News & Politics

TSA Secretly Snoops on Passengers

If you flew in June of 2004 the Transportation Security Administration now has a file on you, amassing such passenger records as our names, phone numbers, and credit card info.
The Transportation Security Administration is the all-knowing, all-seeing federal agency in charge of taking our shoes off at airports, and our heroic leaders there have recently rooted out a treasure trove of invaluable data. Unfortuately, it's not information about some secret cell of terrorists--it's a trove of your and my personal information.

If you flew in June of 2004, TSA snoops now have a file on you--even though Congress specifically told them not to collect such data. Agency officials promised they wouldn't, but TSA secretly did it anyway, amassing such passenger records as our names, phone numbers, and credit card info.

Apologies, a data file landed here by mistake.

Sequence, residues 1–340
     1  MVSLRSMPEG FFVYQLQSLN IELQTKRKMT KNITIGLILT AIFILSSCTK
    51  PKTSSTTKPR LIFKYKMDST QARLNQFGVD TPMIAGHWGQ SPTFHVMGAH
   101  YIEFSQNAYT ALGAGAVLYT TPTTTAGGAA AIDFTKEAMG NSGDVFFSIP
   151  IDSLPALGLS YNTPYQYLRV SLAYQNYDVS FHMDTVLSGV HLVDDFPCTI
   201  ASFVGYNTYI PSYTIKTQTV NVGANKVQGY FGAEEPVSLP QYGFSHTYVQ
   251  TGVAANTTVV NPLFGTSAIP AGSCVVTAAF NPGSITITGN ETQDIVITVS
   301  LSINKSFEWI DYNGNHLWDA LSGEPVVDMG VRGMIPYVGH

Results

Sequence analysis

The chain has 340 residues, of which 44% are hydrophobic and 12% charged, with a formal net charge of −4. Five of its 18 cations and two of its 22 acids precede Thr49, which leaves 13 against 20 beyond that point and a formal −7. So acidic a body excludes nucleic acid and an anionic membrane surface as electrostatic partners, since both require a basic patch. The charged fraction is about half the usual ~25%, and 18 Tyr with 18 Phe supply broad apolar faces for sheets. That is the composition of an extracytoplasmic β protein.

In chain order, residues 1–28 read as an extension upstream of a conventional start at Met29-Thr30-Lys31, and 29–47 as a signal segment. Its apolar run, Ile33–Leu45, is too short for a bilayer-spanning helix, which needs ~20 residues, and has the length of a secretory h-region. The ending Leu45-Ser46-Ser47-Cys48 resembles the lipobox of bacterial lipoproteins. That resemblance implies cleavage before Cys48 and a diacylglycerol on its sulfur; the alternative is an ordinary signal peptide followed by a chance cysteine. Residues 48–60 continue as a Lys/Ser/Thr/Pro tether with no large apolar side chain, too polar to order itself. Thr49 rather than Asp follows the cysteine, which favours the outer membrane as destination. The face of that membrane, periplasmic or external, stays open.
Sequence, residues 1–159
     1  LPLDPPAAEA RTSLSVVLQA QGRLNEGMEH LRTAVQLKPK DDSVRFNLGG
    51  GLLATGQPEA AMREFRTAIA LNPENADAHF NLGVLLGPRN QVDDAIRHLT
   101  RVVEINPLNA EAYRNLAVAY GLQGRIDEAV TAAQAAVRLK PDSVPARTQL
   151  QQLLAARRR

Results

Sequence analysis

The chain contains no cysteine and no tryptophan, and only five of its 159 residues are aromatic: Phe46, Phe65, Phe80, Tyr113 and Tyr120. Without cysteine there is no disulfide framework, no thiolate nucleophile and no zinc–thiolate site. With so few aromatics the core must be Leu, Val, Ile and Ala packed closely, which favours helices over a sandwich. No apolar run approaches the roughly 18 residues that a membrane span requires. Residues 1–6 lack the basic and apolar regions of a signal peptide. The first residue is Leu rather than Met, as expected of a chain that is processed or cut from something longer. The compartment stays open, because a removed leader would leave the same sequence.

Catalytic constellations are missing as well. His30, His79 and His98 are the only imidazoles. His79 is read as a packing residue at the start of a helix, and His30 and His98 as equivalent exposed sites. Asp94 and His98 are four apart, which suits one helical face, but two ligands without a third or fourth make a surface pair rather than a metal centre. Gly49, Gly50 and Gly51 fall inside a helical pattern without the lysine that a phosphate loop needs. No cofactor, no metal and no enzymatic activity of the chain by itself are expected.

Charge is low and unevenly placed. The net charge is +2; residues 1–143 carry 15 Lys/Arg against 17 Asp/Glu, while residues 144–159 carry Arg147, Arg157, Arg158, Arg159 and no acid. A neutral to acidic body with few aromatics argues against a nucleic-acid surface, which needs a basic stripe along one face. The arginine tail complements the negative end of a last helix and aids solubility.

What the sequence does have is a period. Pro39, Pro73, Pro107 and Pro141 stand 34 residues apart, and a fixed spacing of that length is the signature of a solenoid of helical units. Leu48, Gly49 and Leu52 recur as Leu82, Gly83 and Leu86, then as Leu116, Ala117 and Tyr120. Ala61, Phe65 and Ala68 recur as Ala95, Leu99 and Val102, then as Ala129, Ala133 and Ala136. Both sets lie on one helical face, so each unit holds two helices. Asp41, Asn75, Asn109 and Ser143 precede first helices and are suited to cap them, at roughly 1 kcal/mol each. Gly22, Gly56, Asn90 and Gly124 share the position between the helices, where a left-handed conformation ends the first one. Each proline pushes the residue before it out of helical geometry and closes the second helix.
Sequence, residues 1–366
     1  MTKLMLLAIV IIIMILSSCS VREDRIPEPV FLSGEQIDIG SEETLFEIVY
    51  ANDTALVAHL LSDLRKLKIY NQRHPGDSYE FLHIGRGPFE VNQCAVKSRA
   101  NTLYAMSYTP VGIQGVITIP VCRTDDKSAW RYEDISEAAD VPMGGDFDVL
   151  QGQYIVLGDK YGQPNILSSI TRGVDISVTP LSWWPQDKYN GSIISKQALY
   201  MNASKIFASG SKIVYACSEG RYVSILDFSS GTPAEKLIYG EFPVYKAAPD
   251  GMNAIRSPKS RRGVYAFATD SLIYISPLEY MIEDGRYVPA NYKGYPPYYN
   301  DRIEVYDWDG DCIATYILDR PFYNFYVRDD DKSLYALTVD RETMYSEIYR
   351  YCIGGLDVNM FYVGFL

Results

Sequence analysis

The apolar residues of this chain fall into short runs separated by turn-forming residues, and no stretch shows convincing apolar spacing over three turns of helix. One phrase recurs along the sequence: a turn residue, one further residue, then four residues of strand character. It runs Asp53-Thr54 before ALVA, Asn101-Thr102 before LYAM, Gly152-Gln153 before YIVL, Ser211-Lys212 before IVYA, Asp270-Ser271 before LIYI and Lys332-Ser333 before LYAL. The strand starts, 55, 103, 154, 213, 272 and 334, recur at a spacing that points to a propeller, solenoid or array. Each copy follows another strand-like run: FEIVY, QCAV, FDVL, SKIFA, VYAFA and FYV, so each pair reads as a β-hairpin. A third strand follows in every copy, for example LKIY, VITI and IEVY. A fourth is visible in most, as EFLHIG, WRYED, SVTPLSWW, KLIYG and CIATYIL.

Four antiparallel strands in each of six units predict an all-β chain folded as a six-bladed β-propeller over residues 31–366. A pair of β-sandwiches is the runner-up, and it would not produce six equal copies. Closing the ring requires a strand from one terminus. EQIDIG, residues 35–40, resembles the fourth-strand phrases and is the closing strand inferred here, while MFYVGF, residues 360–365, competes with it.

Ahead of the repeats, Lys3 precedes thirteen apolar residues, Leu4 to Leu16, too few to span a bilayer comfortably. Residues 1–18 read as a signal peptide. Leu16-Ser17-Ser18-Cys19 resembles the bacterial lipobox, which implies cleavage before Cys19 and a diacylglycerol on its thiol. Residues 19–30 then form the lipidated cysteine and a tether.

Worse, TSA contracted the data tabulation to a private corporation, which used other databases to compile full profiles on us, including home addresses, spouses, and--BE VERY WORRIED--the exact latitude and longitude of our homes! There's a law against secret government databases, and TSA earlier pledged to congress that it would not store commercial data on air passengers--but there the info is, stored in TSA computers.

Not to worry, say the Bushites in charge, for this is just a test of a new ID verification system we're developing. Bad answer. Congress told the agency not to implement such a system until the Government Accountability Office gave its approval. The GAO has evaluated the system--and it gave TSA an F, noting that the ID program failed to meet nine out of the ten criteria that congress had set.

Well, picky, picky, say the Bushites. Even if we broke our promises, tried to go around the law, and failed to produce a passable system--hey, you can trust us with people's personal data because our ID system "is built on an airtight privacy platform."

This is Jim Hightower saying... Do we have "Sap" written on our foreheads? These people thumbed their noses at the congress, why would they let some bureaucratic privacy code stop them from ransacking our personal information? Far from trusted--they ought to be prosecuted.
Jim Hightower is the best-selling author of "Let's Stop Beating Around the Bush," from Viking Press. For more information, visit
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